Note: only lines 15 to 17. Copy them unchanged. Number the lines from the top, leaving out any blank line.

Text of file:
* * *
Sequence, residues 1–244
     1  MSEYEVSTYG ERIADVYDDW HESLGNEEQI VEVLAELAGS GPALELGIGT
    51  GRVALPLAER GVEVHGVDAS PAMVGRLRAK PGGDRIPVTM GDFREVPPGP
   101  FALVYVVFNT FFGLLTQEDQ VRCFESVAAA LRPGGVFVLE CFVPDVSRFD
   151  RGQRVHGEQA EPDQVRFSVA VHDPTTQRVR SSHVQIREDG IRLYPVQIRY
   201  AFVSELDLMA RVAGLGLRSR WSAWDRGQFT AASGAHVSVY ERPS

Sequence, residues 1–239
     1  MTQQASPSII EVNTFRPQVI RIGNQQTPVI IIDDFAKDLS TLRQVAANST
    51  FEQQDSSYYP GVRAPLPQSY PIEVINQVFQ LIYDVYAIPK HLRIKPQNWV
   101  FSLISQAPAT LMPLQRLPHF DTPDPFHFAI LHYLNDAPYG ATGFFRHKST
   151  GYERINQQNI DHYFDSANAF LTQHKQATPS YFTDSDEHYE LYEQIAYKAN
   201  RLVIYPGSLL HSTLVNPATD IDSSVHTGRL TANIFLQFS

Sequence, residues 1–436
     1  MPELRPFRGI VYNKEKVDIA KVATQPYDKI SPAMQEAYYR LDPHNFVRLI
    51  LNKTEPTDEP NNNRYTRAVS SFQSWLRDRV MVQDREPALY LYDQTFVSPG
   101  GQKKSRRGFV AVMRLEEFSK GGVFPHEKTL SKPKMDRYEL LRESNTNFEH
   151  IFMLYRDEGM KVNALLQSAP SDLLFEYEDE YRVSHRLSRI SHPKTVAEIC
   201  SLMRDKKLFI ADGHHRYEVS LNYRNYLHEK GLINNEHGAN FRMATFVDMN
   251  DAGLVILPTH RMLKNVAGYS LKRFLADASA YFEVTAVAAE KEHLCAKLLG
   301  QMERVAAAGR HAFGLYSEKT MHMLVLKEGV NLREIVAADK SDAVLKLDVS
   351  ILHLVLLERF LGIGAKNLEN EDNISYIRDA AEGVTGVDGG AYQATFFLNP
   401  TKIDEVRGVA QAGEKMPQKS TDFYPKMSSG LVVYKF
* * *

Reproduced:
    51  LNKTEPTDEP NNNRYTRAVS SFQSWLRDRV MVQDREPALY LYDQTFVSPG
   101  GQKKSRRGFV AVMRLEEFSK GGVFPHEKTL SKPKMDRYEL LRESNTNFEH
   151  IFMLYRDEGM KVNALLQSAP SDLLFEYEDE YRVSHRLSRI SHPKTVAEIC